and I was scheduled to gallery sit at Atlantic Works from 2-6. After a bit of a problem getting in the first door, success getting in the second and the happy sight of Rachel and her husband almost finished with photographing hfer work, I was there for my four hours…armed with drawing paper, stuff to sort and my computer.
Fortunately, after about an hour, a woman who has a studio down the hall came in and she told me how to turn up the heat…down the hall…"Crank it up," she said and I did…that helped a great deal…"Turn it down before you leave."
The gallery has a view of the harbor (or maybe it's Chelsea Creek?) and shore on two sides and buildings on the third….one of which was half covered with white plastic and reminded me that I used to take photographs whenever I saw this white wrapping covering any building, hoping to eventually print an homage to Cristo…. I can't tell you how many images I took for this never-happened project.
But the shadows her nails and the shelf make are apparent. I wasn't taking 'real' photographs as Rachel and her husband had been doing…with lights and tripod, but amusing myself with my point-and-shoot, not the beloved one that wore itself out with hard, long service, but the replacement which has no heart.
On one of my pacings, I found a pack of cards that were made by Stephanie Arnett (sp?) and her husband as part of a road-trip to Marfa…they take a curious stance on Judd's bastion, photos they took with extensive details printed on the back about most, all, many of the small businesses in town..I really enjoyed reading about all of them, including hours they were open, numbers to phone, details of the food served…a nice part of what I vaguely understand is a long alternative Biennial Project that a group of the gallery members, including Anna and Bo, have been working on. I forget the real title of the project…I imagine there's a website about it…and I'll try to find out the address..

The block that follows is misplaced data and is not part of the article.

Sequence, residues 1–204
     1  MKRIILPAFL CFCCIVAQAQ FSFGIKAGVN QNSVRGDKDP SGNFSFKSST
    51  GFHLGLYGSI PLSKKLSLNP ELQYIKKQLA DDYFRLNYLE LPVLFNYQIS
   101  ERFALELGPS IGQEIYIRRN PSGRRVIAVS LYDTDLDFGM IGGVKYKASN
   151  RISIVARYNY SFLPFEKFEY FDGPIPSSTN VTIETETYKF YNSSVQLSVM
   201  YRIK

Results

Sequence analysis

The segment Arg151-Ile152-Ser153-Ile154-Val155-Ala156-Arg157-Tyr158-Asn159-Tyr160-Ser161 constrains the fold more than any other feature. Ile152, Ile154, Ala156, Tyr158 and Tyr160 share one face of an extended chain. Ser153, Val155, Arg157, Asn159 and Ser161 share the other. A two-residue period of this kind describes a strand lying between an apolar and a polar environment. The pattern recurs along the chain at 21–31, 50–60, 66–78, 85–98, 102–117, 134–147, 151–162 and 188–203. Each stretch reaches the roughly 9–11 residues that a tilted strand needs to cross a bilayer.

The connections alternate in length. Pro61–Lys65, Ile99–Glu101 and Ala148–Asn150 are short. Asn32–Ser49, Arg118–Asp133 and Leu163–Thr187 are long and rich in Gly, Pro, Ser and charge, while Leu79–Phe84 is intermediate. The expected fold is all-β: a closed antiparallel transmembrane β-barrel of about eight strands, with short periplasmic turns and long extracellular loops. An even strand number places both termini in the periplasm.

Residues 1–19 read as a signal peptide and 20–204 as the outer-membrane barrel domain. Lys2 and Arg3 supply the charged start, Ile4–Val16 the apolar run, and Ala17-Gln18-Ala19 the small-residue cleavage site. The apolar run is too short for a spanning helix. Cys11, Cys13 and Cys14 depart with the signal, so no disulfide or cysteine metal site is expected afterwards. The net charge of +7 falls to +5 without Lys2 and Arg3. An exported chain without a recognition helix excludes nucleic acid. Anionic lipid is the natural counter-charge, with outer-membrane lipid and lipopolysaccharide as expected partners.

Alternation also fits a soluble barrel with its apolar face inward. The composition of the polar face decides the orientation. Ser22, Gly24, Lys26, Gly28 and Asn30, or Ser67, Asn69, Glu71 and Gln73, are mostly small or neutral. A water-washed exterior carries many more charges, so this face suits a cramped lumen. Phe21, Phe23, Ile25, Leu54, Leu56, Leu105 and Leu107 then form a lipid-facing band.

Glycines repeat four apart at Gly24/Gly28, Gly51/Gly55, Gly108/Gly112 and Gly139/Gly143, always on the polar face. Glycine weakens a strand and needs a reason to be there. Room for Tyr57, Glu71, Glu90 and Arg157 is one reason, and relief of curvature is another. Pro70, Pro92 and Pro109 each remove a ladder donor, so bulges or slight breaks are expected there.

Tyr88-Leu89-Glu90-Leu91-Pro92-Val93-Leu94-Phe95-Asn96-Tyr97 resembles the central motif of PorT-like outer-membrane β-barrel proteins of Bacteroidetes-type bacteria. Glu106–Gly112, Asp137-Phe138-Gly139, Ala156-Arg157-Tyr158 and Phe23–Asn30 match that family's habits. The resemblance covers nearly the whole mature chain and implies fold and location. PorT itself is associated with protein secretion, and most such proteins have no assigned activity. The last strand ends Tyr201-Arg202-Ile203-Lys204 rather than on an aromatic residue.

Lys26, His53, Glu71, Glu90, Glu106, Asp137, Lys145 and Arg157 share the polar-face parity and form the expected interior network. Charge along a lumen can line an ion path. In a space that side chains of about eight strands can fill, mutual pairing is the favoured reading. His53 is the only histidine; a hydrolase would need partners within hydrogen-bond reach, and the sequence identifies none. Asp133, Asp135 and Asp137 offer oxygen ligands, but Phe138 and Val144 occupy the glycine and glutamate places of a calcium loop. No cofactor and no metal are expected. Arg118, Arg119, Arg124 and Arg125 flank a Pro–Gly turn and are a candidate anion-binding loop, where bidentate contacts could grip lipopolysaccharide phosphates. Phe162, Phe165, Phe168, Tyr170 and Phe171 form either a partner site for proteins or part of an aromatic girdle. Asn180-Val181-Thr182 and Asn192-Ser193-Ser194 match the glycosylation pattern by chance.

The snow on Saturday was about 30" with another foot or so expected over today and tomorrow.
He stopped by to see the Pyromania show, on his way back from somewhere..he drops in every five or six months so it was my good fortune that the gallery was on his route…even though it was not
the show he wanted.
These are segments of Rachel's work…she is very seriously investigating and working with sculpture though she was deeply and successfully involved with theatre in Israel before she and her husband moved here. I wish I'd known about the experimental theatre she started in Somerville..what I was most interested, in listening to a little bit of her history, is how long she and her company worked on each presentation, six months if I remember correctly, developing a sense of community and slowly enriching the production. Interesting.
These hardly do justice to her work….especially to the figure that plays off Degas' ballet dancer in the MFA, but I hope she doesn't mine my including them.
She also drew my attention to the illegibility of the writing and suggested that I do a little booklet so that the viewer can read a typed version of what I've written. I think that's a good idea…and would probably do something like that if I show them again. She considers the audience in a way I never do.
These are some of the shadows of my drawings. The other ones that show the pins weren't in focus.
I left a little after five, having been told by the woman with the studio down the hall who came in to look at the show, that it didn't make sense to stay until six on such a cold night, with or without snow.